Nobody Speak: Trials of the Free Press

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Hey there, lovelies! As reported last week, SXSW was in full swing and my Film badge was being put to full use. Now that the festival is over and I’ve had time to reflect on everything I saw over the course of the week, I realized that what I watched more than anything else was documentaries. There were so many of them and on such a wide range of topics. Out of all that I saw, I think that the most interesting and the most relevant by far was Nobody Speak: Trials of the Free Press. Award winning investigative documentarian Brian Knappenberger, known for The Internet’s Own Boy and We Are Legion helmed the project. The thumbnail photo for Nobody Speaks shows Hulk Hogan who is, admittedly, not someone whom I would want to watch a documentary about. However, do not let this deter you for there is something much bigger about this film and what it represents for the free press in our country.

In 2012 Gawker Media published a sex tape of Hulk Hogan (Terry Bollea) and Heather Clem. Apparently, Clem’s husband likes to film her with other men and watch it back. To each their own, ya know. Anyway, upon the posting of this video, Hogan sued Gawker for invasion of privacy and intentional infliction of emotional harm, among other things. The back and forth shown through court clips and interviews with Gawker editors shows how crazy this case was. In the end, Hogan ended up winning and was awarded $31 million which was roughly $100 million less than what the jury had come back with. Gawker did not have this kind of money and filed for bankruptcy last year.

What’s the big deal, you ask? Well, as the story unfolds, we learn that Silicon Valley billionaire Peter Thiel helped fund the case against Gawker. The site had published several unflattering stories about Thiel over the years and he had built up a grudge against the media outlet. He poured millions of dollars into Hogan’s defense allegedly without Hogan knowing who he was or why he was doing it. What is utterly terrifying about this is that there was a man who had a grudge against a digital print outlet, who used his resources to his advantage, and took a step into the legal world that until now no one else had done. This opens up the opportunity for other private citizens and/or corporations to do the same, meaning that if there is a magazine, newspaper, any sort of periodical that prints something that someone doesn’t like there is now precedent for them to take it upon themselves to facilitate a take down.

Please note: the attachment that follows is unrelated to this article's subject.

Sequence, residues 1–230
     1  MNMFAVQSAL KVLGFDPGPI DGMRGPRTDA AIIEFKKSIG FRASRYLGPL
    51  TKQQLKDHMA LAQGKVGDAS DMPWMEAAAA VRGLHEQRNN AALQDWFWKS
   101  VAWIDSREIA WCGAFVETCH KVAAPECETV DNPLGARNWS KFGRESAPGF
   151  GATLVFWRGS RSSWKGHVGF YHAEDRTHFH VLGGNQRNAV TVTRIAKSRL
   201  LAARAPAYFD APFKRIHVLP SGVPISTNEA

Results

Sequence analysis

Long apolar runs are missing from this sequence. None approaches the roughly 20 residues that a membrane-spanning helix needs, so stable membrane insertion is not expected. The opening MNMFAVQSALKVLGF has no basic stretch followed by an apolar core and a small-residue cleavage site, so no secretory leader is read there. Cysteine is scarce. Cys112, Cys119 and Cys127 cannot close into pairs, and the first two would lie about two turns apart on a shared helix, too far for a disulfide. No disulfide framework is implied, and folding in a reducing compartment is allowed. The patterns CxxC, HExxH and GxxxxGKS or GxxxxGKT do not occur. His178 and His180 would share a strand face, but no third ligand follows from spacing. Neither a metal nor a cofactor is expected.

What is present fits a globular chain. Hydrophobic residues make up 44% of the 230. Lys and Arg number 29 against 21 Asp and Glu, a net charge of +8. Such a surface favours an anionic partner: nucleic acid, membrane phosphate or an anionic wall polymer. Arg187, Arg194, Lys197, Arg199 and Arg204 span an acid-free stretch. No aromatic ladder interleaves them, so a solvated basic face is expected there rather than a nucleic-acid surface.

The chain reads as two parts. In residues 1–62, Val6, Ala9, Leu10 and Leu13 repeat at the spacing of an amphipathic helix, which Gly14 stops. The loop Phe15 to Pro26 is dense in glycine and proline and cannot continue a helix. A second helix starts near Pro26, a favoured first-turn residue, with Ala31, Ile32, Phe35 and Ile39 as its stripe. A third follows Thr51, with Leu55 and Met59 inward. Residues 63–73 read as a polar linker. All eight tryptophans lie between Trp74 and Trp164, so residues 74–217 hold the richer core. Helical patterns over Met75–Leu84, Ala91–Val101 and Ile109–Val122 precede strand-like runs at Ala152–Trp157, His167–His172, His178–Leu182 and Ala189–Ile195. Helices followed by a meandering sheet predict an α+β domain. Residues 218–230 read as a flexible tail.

In addition to the Bollea v. Gawker case, Nobody Speaks also shines a light on the purchasing of one of Nevada’s most notable newspapers, the Las Vegas Review Journal, by the Adelson family. While you might not know the name off hand, the Adelsons are big in the gaming world and are apparently quite corrupt and shady (shocker, I know). The reporters and staff of LVRJ were told that their paper had been bought but not by whom. Good idea…try to hide something from a whole newspaper staff. The reporters start digging and soon unearth the truth of their acquisition. Penning an expose on the matter, they go to print without a green light and then many of them resign, principles and ethics still intact.

What brings these two storylines together, you ask? Apparently there is a connection between Thiel and the Adelson family: they both make huge contributions to the Republican party and most recently, Donald Trump. The significance of this is that Trump is very publicly against mainstream media and honest reporting of any kind and these two stories are instances where men saw an opportunity to influence/shut down a media organization whose ideals they didn’t agree with. While there is enough material for both of these stories to stand on their own, for they are both majorly important, they are tied together with what seemed like a hasty Trump through line. I say hasty because there was video of rallies and press conferences that are incredibly recent. Like since he’s been in office recent.

Towards the end of the film we begin seeing, through still images and voiced over short video clips, the ties that all of these men have with each other. This sort of made the ultimate message about how things lead back to Trump. I think the doc could have been a lot stronger if they had stuck to highlighting these terrifying cases and how they can potentially effect our future. This is my only complaint.

Netflix has reportedly purchased the film however when you search the title you’re not able to click on the result. I don’t know if that just means it is not yet available or what. Whatever the case, you should find a way to watch this documentary. It is incredibly important and impatiently relevant.

 

 

 

 

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